I read Forged In Fire (urban fantasy 428 pages) by J.A. Pitts the same day that it arrived, which was yesterday.
I continue to enjoy this series, especially the world-building and the characters.
I’ll start my thoughts with the world-building. Stories that take place in the modern world and then incorporate fantasy and mythological elements into the world we know and take for granted are ones that I tend to enjoy, depending on how well the worlds are mixed. I believe that the world-mixing is done very well in this series. The elves are little goth kids the dwarves are angry and holding grudges, the dragons control vast amounts of the world and people’s lives and no one knows, and magic messes with technology.
I might also be biased towards this series because it’s from my home. All the places that are mentioned are places I know and almost all of them are places I’ve been. The distances and time to travel between them are all correct, as is the way people from that area tend to view the travel between the distances. The pass, the trees, the traffic. It still makes me homesick, and I suspect this series is going to continue making me homesick until I reach a point where I can actually return to my home and live there. It’s also very refreshing to me to read stories from my home area that are so obviously written by someone who lives in my home area. There’s a feeling of authenticity that can’t be replicated by just studying a place. The way people talk, the clothes most common, all the little details that you only really get a feel for by living in a place.
As for characters, this series continues to surprise me with how closely I can sympathize with Sarah. She’s not exactly patient or diplomatic, but she is efficient at getting the job done. She is loyal to her friends and has a sense of honor that most modern “heroes” in stories ignore. She does some work for one of the dragons as a sense of responsibility for the way the current situation is and that’s something that most of the people wouldn’t understand. Sarah is also far from perfect. When she does battle, she doesn’t complete every move flawlessly and she often winds up rather beaten and bloody during each of the battles she races into. Even better, she doesn’t have magic recuperative powers so she still suffers from her previous injuries and they don’t heal overnight (unless someone else comes and does some magic on her). Not even her magic blade can heal her. So there is the very real possibility of long-term physical damage or even death, which is more than some of the heroes out there who never seem to have normal health issues, like scrapping their knees during a fight. She’s also a berserker, which means emotions have a tendency to motivate some of her actions, and that’s something I relate to in a very big way.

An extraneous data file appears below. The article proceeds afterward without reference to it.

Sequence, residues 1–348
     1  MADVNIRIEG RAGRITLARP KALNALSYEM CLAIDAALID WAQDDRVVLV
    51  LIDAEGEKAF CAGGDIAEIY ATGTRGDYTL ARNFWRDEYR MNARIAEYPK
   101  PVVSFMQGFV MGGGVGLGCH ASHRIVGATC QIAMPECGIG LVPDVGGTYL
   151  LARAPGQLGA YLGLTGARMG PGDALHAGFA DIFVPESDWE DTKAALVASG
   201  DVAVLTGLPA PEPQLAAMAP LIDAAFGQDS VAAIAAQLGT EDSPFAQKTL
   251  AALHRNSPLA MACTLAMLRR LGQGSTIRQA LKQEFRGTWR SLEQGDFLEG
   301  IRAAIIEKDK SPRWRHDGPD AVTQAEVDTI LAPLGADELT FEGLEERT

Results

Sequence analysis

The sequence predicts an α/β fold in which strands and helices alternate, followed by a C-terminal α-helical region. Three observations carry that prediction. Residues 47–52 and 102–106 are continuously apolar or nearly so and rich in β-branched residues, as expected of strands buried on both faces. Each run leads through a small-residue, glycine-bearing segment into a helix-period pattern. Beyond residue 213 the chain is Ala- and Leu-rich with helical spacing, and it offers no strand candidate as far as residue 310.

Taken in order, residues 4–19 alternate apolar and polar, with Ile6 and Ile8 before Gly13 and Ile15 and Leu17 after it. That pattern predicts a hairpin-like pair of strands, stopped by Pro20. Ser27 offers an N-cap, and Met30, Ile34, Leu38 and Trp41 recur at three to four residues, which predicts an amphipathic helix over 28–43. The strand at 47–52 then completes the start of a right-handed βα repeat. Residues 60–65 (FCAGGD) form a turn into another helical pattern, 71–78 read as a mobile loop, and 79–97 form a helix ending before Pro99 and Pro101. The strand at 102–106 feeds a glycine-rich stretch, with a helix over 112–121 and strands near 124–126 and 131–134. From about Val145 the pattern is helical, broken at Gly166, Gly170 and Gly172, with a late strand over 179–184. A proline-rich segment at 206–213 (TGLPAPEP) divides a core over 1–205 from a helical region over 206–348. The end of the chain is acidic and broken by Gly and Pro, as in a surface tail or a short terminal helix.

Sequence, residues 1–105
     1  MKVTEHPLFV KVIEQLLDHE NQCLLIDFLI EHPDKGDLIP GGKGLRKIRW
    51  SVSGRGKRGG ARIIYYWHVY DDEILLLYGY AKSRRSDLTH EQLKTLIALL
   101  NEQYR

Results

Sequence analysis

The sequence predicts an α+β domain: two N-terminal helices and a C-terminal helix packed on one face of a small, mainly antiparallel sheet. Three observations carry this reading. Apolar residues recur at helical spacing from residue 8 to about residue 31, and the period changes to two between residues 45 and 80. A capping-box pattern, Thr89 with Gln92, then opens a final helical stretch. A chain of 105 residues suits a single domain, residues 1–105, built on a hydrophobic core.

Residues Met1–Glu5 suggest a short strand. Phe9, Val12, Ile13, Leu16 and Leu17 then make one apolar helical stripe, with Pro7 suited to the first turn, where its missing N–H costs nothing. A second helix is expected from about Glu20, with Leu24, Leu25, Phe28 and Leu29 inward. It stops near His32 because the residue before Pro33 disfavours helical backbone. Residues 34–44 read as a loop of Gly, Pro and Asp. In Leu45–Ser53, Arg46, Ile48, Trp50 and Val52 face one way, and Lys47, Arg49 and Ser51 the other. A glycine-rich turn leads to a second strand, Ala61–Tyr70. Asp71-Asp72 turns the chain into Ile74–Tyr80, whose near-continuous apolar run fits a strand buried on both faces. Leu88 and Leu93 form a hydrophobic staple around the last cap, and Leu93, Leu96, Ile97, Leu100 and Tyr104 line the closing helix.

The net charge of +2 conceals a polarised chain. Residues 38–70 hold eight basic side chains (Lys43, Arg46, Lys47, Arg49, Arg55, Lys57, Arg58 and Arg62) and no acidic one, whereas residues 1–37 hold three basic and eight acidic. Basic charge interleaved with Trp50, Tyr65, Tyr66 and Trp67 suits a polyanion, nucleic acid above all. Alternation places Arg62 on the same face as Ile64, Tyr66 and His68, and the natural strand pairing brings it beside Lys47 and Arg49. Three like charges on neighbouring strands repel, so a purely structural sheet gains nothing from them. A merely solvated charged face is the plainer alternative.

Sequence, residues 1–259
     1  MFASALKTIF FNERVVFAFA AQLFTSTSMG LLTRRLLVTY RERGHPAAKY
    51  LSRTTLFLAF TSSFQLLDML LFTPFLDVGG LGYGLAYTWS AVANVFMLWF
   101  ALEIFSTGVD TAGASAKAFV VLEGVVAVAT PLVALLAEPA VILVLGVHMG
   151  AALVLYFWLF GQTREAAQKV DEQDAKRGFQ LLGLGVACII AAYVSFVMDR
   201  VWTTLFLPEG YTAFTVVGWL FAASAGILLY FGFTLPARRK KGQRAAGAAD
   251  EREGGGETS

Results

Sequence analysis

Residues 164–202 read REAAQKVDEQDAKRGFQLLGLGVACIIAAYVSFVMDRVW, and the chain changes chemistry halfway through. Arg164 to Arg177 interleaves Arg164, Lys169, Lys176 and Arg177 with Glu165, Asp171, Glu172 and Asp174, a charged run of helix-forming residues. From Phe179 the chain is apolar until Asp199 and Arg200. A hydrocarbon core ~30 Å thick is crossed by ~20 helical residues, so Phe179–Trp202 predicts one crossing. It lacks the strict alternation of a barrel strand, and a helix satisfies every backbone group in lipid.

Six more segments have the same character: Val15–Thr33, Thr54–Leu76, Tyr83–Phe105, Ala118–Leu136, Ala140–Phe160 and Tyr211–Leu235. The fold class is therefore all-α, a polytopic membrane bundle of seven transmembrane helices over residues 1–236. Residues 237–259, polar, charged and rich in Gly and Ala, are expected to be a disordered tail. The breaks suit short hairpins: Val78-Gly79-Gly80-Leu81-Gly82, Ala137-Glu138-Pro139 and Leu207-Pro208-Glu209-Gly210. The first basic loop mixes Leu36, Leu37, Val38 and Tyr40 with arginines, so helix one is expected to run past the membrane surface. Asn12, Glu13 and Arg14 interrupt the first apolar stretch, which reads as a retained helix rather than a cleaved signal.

Another one of the really big draws of Sarah is that she is a kick-butt chick, but she is learning self-confidence. She wasn’t just gifted with her fighting skills – she had to learn them and she has to continue to practice them. And even so, she’s not the best there is. She gets the job done, but it’s dirty and not elegant or pretty at all. And I see a lot of myself in that, as well. I was just having this discussion today about how the members of my family are all people who will work hard to get a job done as quickly and correctly as possible. It probably won’t be perfect and it probably will look less-than-stellar, but the job will be done and it won’t have to be done again. Sarah is like that, too.
Creating characters that readers can relate to is something that authors should strive to do. It’s been a while since I found a character in anything I’ve read that has given me a true sense of similarity. I can usually understand character motives and I appreciate their stories, but it’s very rare for me to see so much of myself in the characters I’m reading about. In a lot of ways, I would react to everything pretty much exactly as Sarah does. In a lot of ways, it’s kind of refreshing because that makes me feel less different. And also gives me a weird sense of hope. Sarah is very different from most characters and I would view her life as mostly a success. Her job is very non-standard and that appeals to me on a lot of levels right now. Basically, you can do a job you love and not have to succumb to the ideal lifestyle others continuously attempt to push on you. And that’s what I need to be reading right now.
I also liked the open-mindedness and the realism of the rest of the characters in the story. Everyone is different with different humors, strengths, weaknesses, etc., and that was refreshing. You usually only get some many different types of characters in stories. The tragic male-hero who lost his family and is working to avenge them, or the hot and sexy “warrior” babe who sleeps with everyone and wears ridiculously inappropriate clothing. You even have one character who screws up really badly, but is still welcomed back into the fold. It was a nice reminder that just because friends make mistakes every now and then, and even if it’s a humongous mistake, things can still move forward positively.
Overall, I really am enjoying this series. Unfortunately, it will probably be a while before any new books come out.